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Britain's middle-aged men switch Ferraris for expensive bikes

Published on Jul 4, 2014 11:58 AM
 
A cyclist rides on the Mall in central London on July 3, 2014. Once a niche sport, cycling has become so popular in Britain that it has spawned a new breed of fans who would rather buy a bike than a Ferrari and who confront their expanding waistlines by taking to the open road.  -- PHOTO: AFP

LONDON (AFP) - Once a niche sport, cycling has become so popular in Britain that it has spawned a new breed of fans who would rather buy a bike than a Ferrari and who confront their expanding waistlines by taking to the open road.

These "middle-aged men in lycra" or MAMILs, as the tribe has unflatteringly been dubbed, will be out in force this weekend as the Tour de France begins in the northern English country of Yorkshire, many of them wearing day-glo outfits and tight shorts.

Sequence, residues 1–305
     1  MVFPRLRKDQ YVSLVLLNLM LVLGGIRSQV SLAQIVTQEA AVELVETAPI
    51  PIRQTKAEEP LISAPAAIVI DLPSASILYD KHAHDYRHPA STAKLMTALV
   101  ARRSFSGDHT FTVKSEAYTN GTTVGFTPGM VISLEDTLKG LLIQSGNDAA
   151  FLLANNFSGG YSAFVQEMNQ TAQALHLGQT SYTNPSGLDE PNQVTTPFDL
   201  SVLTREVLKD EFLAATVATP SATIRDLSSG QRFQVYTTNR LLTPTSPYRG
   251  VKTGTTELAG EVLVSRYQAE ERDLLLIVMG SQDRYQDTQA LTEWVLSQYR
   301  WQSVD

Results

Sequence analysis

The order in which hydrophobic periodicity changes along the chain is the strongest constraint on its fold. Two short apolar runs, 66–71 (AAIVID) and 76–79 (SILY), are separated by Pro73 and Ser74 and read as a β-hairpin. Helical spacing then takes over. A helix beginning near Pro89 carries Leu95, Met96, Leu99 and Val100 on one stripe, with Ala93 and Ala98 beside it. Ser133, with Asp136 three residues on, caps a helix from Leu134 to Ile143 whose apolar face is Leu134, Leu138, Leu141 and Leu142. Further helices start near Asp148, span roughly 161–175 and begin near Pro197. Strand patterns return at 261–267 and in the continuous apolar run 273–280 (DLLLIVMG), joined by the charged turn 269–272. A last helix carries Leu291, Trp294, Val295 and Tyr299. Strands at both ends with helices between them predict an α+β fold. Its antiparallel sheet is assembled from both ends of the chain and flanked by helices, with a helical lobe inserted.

The typical MAMIL is over the age of 35 and paid enough to afford the expensive brands favoured by their tribe, such as stylish cycle clothing maker Rapha, as well as pilgrimages to sites such as the mythical Mont Ventoux in the Provence region of southern France.

"Twenty-five years ago they might have gone out to buy a Porsche, or a supersport motorbike, now its a £3,000 (S$6,416) carbon fibre bike," said Michael Oliver, a marketing specialist who claims to have come up with the term "MAMIL", which has now entered the dictionary.

 
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